If there were a competition for “Latest-Blooming Metropolis in the World,” Fort Lauderdale would certainly be in the running.
Our sprawling, glitzy city of today – with its bustling downtown, its magnificent estates on the water, its cultural and governmental institutions – had a population of only 91 in 1900. That’s not a typo. Only 91 souls called Fort Lauderdale home at the turn of the 20th century.
Well that’s a long time ago, you say. But ponder this: In that year New York City had a population of 3.4 million. That same year Paris hosted a world’s fair (called Exposition Universelle) with 83,000 exhibitors. It already had the Eiffel Tower and the Notre Dame Cathedral. New York City had the Statue of Liberty and the Brooklyn Bridge, then the longest expansion bridge in the world.
What did Fort Lauderdale have? Frank Stranahan’s ferry, a framed 20-foot-wide and 30-foot-long vessel hooked up to a cable, would carry folks across the New River. And not long after, we’d have a one-lane swing bridge extending Andrews Avenue.
Photos from New York City in 1900 show a bustling Mulberry Street market, with hundreds streaming along the avenue, in the shadows of five- and six-story apartment buildings on each side. A YouTube video First Look – Paris 1900: The City of Light features film clips showing streams of imposing four-horse carriages, their passengers in high-fashion garb, in an endless procession down the Champs Elysees.
But we had our attractions too.
The fishing for plentiful trout, snapper and bream on the crystalline New River brought in a few wealthy sportsmen (or naturalists) in their yachts for vacations. For locals, we had Henry Flagler’s new train station stop on the way from St. Augustine to Miami. From its opening day, it drew in gatherings of residents. The attraction of these congenial gatherings? The drama of the train cars rolling in and out. The mystery of who would emerge at the stop, and where would they go. Now that was entertainment.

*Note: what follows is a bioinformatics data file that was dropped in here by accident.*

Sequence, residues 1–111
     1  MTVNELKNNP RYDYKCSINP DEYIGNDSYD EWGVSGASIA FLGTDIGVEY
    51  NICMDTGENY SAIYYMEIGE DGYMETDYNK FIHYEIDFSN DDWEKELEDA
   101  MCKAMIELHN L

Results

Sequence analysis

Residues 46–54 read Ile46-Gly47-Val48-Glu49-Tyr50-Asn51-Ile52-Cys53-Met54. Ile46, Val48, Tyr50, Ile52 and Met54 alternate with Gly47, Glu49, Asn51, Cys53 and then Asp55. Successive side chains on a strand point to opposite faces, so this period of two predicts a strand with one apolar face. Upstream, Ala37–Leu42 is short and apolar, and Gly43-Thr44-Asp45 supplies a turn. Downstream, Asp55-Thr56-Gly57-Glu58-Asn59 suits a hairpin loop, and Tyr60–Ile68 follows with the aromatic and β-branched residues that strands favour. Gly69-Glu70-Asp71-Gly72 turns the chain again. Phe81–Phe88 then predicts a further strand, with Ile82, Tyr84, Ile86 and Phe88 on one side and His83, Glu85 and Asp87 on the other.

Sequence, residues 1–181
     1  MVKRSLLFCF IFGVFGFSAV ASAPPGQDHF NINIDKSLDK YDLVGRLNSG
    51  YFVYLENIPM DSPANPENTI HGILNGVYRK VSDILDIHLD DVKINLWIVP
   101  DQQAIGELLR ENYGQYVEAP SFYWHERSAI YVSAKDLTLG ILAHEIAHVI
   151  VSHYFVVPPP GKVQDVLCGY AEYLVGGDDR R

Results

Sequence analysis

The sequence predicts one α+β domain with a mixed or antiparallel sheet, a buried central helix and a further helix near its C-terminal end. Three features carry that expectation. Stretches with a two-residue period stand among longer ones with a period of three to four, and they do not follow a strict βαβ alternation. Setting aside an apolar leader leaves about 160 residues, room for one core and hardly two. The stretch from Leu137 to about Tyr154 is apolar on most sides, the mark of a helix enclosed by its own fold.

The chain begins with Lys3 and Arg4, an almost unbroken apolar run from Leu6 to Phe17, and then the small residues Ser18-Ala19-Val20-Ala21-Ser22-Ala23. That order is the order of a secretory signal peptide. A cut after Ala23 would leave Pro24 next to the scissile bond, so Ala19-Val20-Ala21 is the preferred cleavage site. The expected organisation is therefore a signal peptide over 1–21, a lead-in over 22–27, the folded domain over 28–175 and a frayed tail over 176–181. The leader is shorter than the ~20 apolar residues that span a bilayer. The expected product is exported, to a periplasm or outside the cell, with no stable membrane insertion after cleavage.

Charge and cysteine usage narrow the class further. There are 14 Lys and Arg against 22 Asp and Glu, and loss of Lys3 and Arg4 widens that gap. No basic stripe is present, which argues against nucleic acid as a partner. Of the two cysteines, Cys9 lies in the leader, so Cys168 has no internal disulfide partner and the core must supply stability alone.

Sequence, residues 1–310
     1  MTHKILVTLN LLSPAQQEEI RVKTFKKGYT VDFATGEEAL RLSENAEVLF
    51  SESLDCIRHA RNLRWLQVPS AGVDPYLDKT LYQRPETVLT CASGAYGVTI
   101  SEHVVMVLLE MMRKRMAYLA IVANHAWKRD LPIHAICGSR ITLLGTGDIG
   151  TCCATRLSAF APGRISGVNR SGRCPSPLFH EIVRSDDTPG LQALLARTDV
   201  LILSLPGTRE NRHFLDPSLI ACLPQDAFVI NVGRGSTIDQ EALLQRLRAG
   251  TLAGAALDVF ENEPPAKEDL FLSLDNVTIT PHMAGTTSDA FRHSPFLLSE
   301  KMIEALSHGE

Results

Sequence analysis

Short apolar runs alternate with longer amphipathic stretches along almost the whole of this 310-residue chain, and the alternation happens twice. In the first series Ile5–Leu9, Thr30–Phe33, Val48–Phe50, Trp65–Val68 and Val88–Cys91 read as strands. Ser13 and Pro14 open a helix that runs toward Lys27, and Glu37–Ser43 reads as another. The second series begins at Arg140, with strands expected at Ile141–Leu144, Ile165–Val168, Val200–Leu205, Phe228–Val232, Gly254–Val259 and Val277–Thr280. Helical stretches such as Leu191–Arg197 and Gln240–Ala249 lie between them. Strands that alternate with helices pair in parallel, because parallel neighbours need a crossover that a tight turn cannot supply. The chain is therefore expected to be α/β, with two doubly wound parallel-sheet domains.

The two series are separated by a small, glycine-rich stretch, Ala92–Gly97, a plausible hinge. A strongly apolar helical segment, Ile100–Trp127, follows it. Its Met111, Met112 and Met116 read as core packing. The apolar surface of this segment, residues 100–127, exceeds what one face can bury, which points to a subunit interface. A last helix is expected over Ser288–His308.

Yes, Paris had its impressive carriages, but we had wagons too, including one drawn by the town’s “Sanitary Mule,” assigned to pick up garbage and empty “privies.”
As for education, Boston already had Harvard, Chicago had the University of Chicago, and we boasted a school too. That first schoolhouse in the midst of a field of scrub pine and palmetto was a one-room affair with used desks for the first 12 students. On walkways to the school, according to first teacher Ivy Stranahan, you could encounter wild turkeys, raccoons, turtles and even wildcats. That’s one exciting campus.
And at a time when medical colleges dotted Europe and America, our city had “The Little Doctor” to attend to locals. He was so named because of his 5’5″ height. OK, so Tom Kennedy wasn’t really a doctor. But he was a medic in the army.
As for trade – yes, we know New York was synonymous with commerce, but we were not idle. At the end of hunting season, as many as 150 Seminoles would come in from the Everglades in dugout canoes to Frank Stranahan’s trading post on the New River. They brought skins and pelts, and with the cash they were paid, bought clothing material, traps, ammunition and more. They’d stay for four days or so, sleeping on the wide porches of Stranahan’s residence and in tents Frank set up on his property.
Old photographs show plenty of Parisians picnicking on the banks of the Seine. But we had real, beautiful beaches. Admittedly, ocean access was limited in 1900 and resorts didn’t arrive until years later. The first resort – the Lauderdale Beach Hotel – opened in 1936.
Late bloomers we are. But we sure are pretty.